If you’ve got a killer BlackBerry app, chances are that you’re considering porting it over to other platforms in order to grab more users or maximize your revenue. The obvious platforms to choose are iPhone and Android, but Nokia seems to be an afterthought, not only in smartphone media coverage, but from a developer perspective as well. I recently attended an event hosted by Nokia in order to learn more about their platform and what they offer. If you’re considering Nokia’s Ovi app store and the Qt OS, read on to learn more about what they have to offer.
First off, here are some numbers surrounding Nokia’s Ovi store:
4M downloads per day
165M active users (adding 250K per day). Probably around 200M by now
2.6 apps downloaded per visit
90% of daily traffic converts to downloads
190+ countries with active use
25,000 pieces of content (much of this would not be considered “apps”)
100 developers with 1M+ downloads
400K devs signed up to Forum Nokia
1.5M downloads of Qt (cute) SDK
60% fixed rate revenue share (for carrier billing)
13x sales where carrier billing has been implemented vs not implemented
It seems that Nokia’s main strength for Ovi is in the number of users. The fact that Nokia sells such an incredible amount of handets and smartphones, makes the platform very attractive. Last quarter, there were 95M Qt smart-download enabled devices shipped, and 5M with Qt preloaded. For those who don’t know, Qt (pronounced “cute”), is a programming library that is found on not only smartphones and mobile devices, but a wide variety of embedded devices and platforms.
Nokia’s numbers are great and and it’s worth noting where those users are coming from. In terms of North American volume, it’s Nokia’s weakest market. While Nokia is making some strong moves to improve their presence in the North American market, their primary markets are Russia, China, India and Europe.
Considering Nokia’s primary markets are Russia, China, India and Europe, developers should consider applications that would be successful in these regions. I have heard that math and puzzle based games are very popular in Russia, while IM clients are all the rage in China. Developers should consider alternative monetization strategies, other than large upfront costs, because these markets may be more price-averse.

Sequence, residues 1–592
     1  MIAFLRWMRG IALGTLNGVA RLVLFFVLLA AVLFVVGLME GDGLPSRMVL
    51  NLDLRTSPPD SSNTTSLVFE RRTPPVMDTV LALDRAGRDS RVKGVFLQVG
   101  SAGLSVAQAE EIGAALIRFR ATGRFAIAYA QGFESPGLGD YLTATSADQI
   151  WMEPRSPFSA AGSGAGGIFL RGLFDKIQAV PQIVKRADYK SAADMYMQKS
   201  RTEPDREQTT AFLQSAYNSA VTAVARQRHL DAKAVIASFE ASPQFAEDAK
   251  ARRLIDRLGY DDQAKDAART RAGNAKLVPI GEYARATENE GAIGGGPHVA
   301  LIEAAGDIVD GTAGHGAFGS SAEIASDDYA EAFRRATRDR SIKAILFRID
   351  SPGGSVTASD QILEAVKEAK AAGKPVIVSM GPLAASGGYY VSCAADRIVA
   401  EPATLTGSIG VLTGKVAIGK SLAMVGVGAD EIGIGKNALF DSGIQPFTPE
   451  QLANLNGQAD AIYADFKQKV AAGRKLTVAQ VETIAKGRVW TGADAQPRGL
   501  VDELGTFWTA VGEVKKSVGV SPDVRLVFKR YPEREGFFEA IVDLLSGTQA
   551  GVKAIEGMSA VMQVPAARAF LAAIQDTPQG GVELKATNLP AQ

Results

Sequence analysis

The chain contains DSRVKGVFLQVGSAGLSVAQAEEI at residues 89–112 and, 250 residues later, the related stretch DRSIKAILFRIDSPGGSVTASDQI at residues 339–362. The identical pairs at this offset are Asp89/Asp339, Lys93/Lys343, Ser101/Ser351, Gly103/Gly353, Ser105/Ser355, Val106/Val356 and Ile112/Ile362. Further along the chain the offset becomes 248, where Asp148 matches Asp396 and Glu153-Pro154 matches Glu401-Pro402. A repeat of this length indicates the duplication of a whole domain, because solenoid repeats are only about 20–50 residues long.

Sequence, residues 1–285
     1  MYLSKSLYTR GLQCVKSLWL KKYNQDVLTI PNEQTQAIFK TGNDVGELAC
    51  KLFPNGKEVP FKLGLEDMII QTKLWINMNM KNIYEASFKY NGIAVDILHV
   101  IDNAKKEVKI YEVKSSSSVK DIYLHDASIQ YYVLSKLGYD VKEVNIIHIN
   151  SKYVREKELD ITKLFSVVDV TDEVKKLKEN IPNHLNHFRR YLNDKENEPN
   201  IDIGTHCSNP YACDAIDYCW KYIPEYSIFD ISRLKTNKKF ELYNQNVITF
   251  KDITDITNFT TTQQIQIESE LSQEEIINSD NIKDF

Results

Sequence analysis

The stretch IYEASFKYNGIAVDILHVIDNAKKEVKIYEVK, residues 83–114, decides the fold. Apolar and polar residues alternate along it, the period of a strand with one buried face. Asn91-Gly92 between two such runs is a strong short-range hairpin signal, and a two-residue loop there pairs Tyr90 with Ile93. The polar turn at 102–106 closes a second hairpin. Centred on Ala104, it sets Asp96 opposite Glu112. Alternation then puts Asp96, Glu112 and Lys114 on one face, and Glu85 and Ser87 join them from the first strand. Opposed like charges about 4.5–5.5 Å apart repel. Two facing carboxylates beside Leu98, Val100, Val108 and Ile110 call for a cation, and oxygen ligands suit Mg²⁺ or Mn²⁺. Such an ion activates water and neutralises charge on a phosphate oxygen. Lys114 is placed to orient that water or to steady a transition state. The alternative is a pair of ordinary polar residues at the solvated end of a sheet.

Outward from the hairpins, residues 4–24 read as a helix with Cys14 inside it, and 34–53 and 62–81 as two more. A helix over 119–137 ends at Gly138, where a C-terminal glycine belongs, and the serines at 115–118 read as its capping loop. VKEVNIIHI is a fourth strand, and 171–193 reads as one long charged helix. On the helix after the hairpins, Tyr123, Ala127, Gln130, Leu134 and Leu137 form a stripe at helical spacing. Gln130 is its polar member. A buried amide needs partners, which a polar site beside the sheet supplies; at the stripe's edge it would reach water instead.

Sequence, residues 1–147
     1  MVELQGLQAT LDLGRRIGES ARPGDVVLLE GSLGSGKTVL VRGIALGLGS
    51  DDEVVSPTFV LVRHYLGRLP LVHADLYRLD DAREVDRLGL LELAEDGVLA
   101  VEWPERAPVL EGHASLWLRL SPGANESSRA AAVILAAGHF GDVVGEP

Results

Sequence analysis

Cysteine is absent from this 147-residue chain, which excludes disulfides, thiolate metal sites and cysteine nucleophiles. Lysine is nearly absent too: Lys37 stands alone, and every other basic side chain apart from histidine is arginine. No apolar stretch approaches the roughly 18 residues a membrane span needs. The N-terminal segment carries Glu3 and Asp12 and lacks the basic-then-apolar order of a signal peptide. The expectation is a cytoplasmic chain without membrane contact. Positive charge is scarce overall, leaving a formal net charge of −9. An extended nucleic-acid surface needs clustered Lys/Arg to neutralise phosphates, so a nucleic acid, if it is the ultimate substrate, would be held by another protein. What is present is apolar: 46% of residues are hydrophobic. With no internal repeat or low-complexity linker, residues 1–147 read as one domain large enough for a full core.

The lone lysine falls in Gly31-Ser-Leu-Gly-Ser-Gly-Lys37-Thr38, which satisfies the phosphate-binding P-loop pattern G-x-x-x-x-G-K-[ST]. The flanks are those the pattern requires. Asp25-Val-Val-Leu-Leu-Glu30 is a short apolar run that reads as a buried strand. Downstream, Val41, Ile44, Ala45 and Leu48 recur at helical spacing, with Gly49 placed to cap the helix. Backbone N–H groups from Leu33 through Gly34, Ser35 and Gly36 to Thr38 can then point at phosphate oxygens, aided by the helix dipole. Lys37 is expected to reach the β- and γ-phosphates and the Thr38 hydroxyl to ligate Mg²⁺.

In terms of what Nokia can offer developers as alternative monetization strategies, the company is testing some key beta products. In-app purchasing is becoming very popular with developers and Nokia has an SDK that’s in private beta. According to the company reps, the service will be going public “in the next couple of months”. In-app advertising is also in beta and is powered by NavTech, a recent Nokia acquisition. Nokia also offers app analytics through another acquisition, Motally, which allows you to set up tags, events, and triggers, so you get a feedback loop from your users.
Nokia is making a big push right now to attract developers and their initiative is culminating in a giant contest/cash offering called “Calling All Innovators“. By submitting your Nokia app to the contest, you have a chance at winning:
$4M in cash (split among 51 prizes)
Winners also get to be part of a big $6M worth of marketing including digital and print
500 Qt smartphones up for grabs
If you’re going to get started developing for the competition, you’ll want to register for Nokia’s Forum and SDK, which costs 1 EURO. Personally, I think Nokia could do away with the fee, because the fewer barriers the better. RIM made the smart move of waiving all vendor fees and if you’re looking for developers, you should probably do the same. Also, keep in mind that your app “has to be relevant to the North American market.” Again, Nokia wants a better position in the North American market so don’t bother submitting your Shanghai mapping apps.
On an unrelated note, the Nokia rep basically confirmed a Meego tablet would be announced at Mobile World Congress. The exact wording was “I can’t confirm anything, but I’ll tell you that the Meego platform was designed to fit multiple form factors, and our CEO will be attending Mobile World Congress…so who knows? Maybe we’ll hear some exciting things announced.”
Have any questions about Nokia’s Ovi store or developing an app for Nokia? Leave it in the comments and I’ll see if I can dig up answers for you.
UPDATE: Changes made to the original to reflect something more helpful to developers. The goal of this article was to give devs who were considering Nokia some background on their numbers and the platform. The opinion part of it was less the focus.